ALBUQUERQUE, N.M., -- From June 23 through July 11, 2014, the Albuquerque District hosted Hunter Firebaugh, a cadet from West Point. Hunter Firebaugh is the son of Jeff Firebaugh, project manager, military construction. Jeff has worked at the Corps since 1992.
Hunter Firebaugh graduated from La Cueva High School, Albuquerque, N.M., in 2012, and went directly into West Point that same year.
He says what he really likes about West Point is the people. “You won’t meet any better people anywhere else,” he said.
However, a cadet’s freshman year can be difficult. “The first year students cannot be friends with any upper class cadets,” he said. “However, after your freshman year, you feel like you belong.”
According to Firebaugh, there is a lot of camaraderie at West Point. “Cooperate to Graduate” is kind of the motto of the school. There are 4,400 cadets at West Point, out of which 22 percent are women. Everyone marches to both breakfast and lunch together. When a former West Point graduate is killed, there is an announcement and a moment of silence is held for the fallen.
Hunter will be a junior when he returns to West Point this fall. He is majoring in Environmental Engineering. He is very active in sports. His junior year will mark the second time he will participate in the Sandhurst Competition at West Point. This highly strenuous competition tests a variety of military skills including rifle and pistol marksmanship; rock marching; ranger wall; and land navigation. He is looking forward to once again competing.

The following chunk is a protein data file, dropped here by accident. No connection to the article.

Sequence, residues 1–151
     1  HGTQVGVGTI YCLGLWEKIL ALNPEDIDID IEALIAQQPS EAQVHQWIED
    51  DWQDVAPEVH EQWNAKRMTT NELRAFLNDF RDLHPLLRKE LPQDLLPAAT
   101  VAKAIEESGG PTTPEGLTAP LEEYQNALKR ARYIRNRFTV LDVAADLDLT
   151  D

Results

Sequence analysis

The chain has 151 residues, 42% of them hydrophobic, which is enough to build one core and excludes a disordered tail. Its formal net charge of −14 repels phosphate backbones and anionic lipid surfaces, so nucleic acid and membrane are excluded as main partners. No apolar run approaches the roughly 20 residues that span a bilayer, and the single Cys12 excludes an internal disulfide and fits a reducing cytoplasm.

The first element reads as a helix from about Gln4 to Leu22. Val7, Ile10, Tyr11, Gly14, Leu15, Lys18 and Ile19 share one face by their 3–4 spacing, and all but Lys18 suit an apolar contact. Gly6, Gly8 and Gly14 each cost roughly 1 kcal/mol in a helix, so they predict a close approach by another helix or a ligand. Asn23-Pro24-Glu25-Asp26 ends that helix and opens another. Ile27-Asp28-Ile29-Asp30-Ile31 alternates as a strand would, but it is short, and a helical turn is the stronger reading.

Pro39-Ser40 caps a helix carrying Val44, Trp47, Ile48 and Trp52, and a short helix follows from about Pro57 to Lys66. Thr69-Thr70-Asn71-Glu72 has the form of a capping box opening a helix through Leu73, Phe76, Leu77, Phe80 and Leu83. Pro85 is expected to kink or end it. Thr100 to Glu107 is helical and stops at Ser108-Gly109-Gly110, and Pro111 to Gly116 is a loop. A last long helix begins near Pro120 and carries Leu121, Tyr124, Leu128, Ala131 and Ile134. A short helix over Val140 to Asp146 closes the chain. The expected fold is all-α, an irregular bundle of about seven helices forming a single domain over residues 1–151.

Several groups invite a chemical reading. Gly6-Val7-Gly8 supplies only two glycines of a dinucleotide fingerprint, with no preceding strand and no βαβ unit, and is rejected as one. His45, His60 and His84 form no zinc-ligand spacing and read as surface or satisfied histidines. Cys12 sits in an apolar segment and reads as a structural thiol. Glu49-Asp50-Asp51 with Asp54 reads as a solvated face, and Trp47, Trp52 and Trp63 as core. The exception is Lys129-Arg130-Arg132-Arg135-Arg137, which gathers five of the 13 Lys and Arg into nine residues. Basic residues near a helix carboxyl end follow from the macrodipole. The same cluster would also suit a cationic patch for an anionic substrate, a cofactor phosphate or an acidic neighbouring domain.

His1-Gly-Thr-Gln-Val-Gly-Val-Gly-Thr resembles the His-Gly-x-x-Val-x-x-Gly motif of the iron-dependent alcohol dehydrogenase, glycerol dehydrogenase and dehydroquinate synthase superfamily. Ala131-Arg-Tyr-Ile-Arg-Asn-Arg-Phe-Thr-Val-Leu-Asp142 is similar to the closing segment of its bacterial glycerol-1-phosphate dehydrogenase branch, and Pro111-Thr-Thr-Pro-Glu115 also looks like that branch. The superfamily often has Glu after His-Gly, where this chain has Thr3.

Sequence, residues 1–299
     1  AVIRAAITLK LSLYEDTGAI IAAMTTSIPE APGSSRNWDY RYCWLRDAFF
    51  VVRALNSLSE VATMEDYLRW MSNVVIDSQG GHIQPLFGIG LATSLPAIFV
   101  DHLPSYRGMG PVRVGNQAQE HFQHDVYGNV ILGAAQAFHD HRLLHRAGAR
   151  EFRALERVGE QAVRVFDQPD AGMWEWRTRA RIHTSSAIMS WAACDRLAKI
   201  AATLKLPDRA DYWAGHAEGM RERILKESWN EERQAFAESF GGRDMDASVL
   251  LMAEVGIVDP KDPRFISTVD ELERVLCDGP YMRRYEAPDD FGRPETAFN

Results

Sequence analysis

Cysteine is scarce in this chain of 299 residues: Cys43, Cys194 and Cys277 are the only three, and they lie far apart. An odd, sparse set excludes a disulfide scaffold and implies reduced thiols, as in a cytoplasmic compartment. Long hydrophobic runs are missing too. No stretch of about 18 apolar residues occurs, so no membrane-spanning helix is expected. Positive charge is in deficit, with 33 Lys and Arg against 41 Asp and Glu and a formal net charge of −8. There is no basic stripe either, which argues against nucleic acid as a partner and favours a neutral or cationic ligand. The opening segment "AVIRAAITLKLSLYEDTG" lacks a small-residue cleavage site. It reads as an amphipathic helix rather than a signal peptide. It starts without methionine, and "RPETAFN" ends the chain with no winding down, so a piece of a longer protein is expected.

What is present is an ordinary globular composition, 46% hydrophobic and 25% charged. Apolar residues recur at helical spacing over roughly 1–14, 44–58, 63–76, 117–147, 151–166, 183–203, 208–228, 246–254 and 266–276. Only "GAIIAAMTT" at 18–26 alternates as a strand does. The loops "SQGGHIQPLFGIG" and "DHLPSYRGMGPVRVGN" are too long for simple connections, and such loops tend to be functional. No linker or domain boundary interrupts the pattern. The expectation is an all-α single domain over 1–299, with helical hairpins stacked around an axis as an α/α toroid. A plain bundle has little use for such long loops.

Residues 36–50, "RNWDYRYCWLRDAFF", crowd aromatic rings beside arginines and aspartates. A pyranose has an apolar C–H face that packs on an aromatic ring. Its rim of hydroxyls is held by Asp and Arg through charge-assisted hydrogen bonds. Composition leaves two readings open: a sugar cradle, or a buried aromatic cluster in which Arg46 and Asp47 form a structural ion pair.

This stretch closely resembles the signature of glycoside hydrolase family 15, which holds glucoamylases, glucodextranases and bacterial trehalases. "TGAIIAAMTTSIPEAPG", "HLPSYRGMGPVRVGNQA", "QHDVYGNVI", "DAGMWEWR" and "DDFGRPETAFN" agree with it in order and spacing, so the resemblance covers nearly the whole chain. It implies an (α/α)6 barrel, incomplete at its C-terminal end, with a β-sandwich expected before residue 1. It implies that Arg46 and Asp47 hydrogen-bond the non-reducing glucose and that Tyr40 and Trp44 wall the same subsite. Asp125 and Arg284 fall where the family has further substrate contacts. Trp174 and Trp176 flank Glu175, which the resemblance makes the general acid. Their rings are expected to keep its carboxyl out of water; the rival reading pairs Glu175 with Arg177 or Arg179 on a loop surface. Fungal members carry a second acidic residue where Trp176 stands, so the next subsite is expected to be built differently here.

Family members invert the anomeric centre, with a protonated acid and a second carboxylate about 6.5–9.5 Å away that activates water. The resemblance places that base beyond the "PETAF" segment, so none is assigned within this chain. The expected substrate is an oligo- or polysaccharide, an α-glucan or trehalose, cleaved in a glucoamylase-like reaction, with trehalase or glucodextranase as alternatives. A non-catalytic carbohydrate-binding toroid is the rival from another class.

During his time here, Cadet Firebaugh spent time with many Corps employees, and at several project sites, in order to get an overall feel for the variety of jobs the Corps does.
While at the district, he visited many Corps project sites. He spent time at the Air Force Sustainment Center project, and learned about project management tools, contract modifications managing projects, and other project management tools. Firebaugh also had the opportunity to visit Santa Clara Pueblo, where the Corps has been assisting in flood protection measures to prevent severe flooding of the village. While at the Pueblo, Hunter learned about HESCO barriers, one of the options used by the Corps to help with flood protection. He also traveled to Cochiti Dam, with Justin Reale, toxicologist, Environmental Engineering Section. There, he and Reale retrieved sondes, a water quality device, from the dam.
Firebaugh says that eventually he would like to work for the Corps of Engineers. “I have really seen and experienced the many types of work and jobs that the Corps offers.” After graduation from West Point in 2016, he aspires to become a pilot; after that he hopes to work for the Corps.